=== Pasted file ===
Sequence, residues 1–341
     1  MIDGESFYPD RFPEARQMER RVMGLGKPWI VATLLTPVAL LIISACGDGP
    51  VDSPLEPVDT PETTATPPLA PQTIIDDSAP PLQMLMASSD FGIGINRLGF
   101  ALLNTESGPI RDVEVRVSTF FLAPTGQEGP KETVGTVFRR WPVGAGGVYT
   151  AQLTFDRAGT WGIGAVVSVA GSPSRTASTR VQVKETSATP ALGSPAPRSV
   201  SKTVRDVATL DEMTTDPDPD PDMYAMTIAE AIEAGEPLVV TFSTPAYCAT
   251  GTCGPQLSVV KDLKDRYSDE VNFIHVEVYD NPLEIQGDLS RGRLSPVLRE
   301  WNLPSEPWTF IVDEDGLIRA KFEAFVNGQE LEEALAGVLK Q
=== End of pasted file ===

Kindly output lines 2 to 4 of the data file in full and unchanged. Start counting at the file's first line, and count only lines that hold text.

     1  MIDGESFYPD RFPEARQMER RVMGLGKPWI VATLLTPVAL LIISACGDGP
    51  VDSPLEPVDT PETTATPPLA PQTIIDDSAP PLQMLMASSD FGIGINRLGF
   101  ALLNTESGPI RDVEVRVSTF FLAPTGQEGP KETVGTVFRR WPVGAGGVYT